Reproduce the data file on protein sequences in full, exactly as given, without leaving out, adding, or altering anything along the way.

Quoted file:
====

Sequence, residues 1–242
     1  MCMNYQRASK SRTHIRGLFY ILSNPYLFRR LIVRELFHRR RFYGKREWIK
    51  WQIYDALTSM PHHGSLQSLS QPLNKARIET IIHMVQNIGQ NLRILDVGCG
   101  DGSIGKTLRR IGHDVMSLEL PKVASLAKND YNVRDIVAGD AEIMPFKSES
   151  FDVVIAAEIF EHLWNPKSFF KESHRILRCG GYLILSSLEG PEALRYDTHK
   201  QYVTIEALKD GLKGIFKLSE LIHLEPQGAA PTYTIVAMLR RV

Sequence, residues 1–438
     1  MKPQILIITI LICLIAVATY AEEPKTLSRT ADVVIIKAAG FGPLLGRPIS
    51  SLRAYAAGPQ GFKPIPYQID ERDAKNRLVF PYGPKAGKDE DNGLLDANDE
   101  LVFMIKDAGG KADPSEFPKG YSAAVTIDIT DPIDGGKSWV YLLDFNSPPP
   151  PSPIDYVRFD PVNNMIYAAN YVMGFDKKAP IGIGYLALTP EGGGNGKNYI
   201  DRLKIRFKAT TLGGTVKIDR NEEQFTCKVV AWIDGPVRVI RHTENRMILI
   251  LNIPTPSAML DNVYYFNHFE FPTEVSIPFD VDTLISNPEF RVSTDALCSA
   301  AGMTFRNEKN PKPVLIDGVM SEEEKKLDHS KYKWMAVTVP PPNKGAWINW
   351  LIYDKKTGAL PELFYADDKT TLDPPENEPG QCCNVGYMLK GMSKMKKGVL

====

Sequence, residues 1–242
     1  MCMNYQRASK SRTHIRGLFY ILSNPYLFRR LIVRELFHRR RFYGKREWIK
    51  WQIYDALTSM PHHGSLQSLS QPLNKARIET IIHMVQNIGQ NLRILDVGCG
   101  DGSIGKTLRR IGHDVMSLEL PKVASLAKND YNVRDIVAGD AEIMPFKSES
   151  FDVVIAAEIF EHLWNPKSFF KESHRILRCG GYLILSSLEG PEALRYDTHK
   201  QYVTIEALKD GLKGIFKLSE LIHLEPQGAA PTYTIVAMLR RV

Sequence, residues 1–438
     1  MKPQILIITI LICLIAVATY AEEPKTLSRT ADVVIIKAAG FGPLLGRPIS
    51  SLRAYAAGPQ GFKPIPYQID ERDAKNRLVF PYGPKAGKDE DNGLLDANDE
   101  LVFMIKDAGG KADPSEFPKG YSAAVTIDIT DPIDGGKSWV YLLDFNSPPP
   151  PSPIDYVRFD PVNNMIYAAN YVMGFDKKAP IGIGYLALTP EGGGNGKNYI
   201  DRLKIRFKAT TLGGTVKIDR NEEQFTCKVV AWIDGPVRVI RHTENRMILI
   251  LNIPTPSAML DNVYYFNHFE FPTEVSIPFD VDTLISNPEF RVSTDALCSA
   301  AGMTFRNEKN PKPVLIDGVM SEEEKKLDHS KYKWMAVTVP PPNKGAWINW
   351  LIYDKKTGAL PELFYADDKT TLDPPENEPG QCCNVGYMLK GMSKMKKGVL